If you’ve read one of my previous rants, you may recall my thoughts on what I think are pervasive “-ism”s and prejudices in America. (If you haven’t, and you’re bored, you might want to check it out now, since I’m going to be discussing some of the same ideas below.)
So, yeah, like most people, I think isms (e.g. racism, sexism, orientationism, etc.) are bad. The problem is, I never really bothered to define what, exactly, an ism is. What constitutes X-ist behavior? I thought about it for a while, and I was surprised at how difficult it is to pin down. For instance,
- If you are meeting a new client for lunch, one whom you’ve never seen before, and his name is (say) Yao Ming, is it racist if you expect him to look Chinese?
- If you see a man and a woman in a footrace, is it sexist if you think the man is going to win?
- If you’re in an unfamiliar city, walking home late at night, is it racist if you choose to avoid walking through the black part of town? (This is similar to the classic case: if you’re a taxi driver, and two people are flagging you down, one a young black man, and the other an older white woman, and you’ve heard that taxi drivers are most likely to be mugged by young black men, is it racist to drive by the man and pick up the woman?)
- If you’re getting in line at the grocery store, is it “looks-ist” if you choose to stand in the checkout line with the more attractive employee?
- What if you’re a bank employee and several potential clients are waiting for service, and you pick a more attractive one?
A preliminary definition
The crux of the matter is as follows: humans are really good at making generalizations. It’s a very useful skill. Imagine having to decide where to eat if you couldn’t generalize about the quality of a restaurant’s food. Or trying to marry someone without being able to generalize about his or her long-term behavior. (Maybe people do this already :). Or trying to budget your time between different activities without being able to generalize about your past experiences with them, and which ones you liked and didn’t like.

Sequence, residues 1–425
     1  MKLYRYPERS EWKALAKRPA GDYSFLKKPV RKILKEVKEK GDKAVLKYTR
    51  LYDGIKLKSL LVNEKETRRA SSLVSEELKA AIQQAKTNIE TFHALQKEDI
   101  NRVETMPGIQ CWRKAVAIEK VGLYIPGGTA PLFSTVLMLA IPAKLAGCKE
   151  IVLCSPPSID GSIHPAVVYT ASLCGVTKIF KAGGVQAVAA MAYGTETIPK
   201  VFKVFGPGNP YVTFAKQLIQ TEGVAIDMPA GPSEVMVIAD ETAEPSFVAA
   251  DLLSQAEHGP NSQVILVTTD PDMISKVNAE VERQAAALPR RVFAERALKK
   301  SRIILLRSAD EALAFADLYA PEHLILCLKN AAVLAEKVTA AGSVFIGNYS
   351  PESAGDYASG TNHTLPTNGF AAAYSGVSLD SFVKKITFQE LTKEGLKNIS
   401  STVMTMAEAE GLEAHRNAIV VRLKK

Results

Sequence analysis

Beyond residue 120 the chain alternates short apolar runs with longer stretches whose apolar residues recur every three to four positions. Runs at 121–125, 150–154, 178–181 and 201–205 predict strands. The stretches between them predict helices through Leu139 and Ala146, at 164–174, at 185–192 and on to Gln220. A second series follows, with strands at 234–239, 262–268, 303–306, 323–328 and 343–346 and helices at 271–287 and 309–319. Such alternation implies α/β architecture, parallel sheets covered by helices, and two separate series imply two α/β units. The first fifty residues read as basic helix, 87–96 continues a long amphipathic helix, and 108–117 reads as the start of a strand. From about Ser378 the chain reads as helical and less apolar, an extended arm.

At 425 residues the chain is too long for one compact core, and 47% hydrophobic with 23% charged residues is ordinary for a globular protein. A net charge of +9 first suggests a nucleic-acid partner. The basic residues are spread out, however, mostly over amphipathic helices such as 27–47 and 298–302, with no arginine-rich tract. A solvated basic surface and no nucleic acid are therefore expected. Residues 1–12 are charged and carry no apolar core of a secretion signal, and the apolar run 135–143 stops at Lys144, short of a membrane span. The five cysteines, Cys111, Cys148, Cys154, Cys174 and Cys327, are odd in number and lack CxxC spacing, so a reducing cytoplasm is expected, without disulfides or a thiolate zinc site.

One problem, though, is that people are so good at generalization and inference that sometimes we infer too far. The result is superstition. Many superstitions are harmless, but some clearly aren’t, and when you start acting on one, you’re exhibiting prejudice: you have a preconceived expectation that isn’t based in fact.
So here is a baseline definition for isms: You are X-ist if you exhibit behavior in accordance with a belief about X that is not corroborated by empirical evidence.
For instance, a KKK member denying the Holocaust is exhibiting anti-Semitism. (Exactly why is an exercise for the reader.)
But it’s not that simple…
However, isms are far more devious than that. Often a belief is grounded in statistical fact. (Consider the example scenarios I gave above.) In what situations is it still okay to act upon such a belief?
Consider one more hypothetical situation: you’re in charge of hiring new employees at a company. You have a considerable amount of information about each candidate: college attended, GPA, SAT score, recommendations, economic background, race, etc. On what should you base your decision? Each bit of information may have some predictive power as to the candidate’s eventual success at the company (say, college GPA) or not (say, whether or not he likes Cinnamon Toast Crunch). Clearly some bits are more predictive than others. This leads us to a more comprehensive definition:
If you have a decision to make, and a number of predictive factors exist, you are X-ist if you base your decision on X even though a more predictive factor either a) is at your disposal or b) can be obtained with effort commensurate with its increase in predictive power.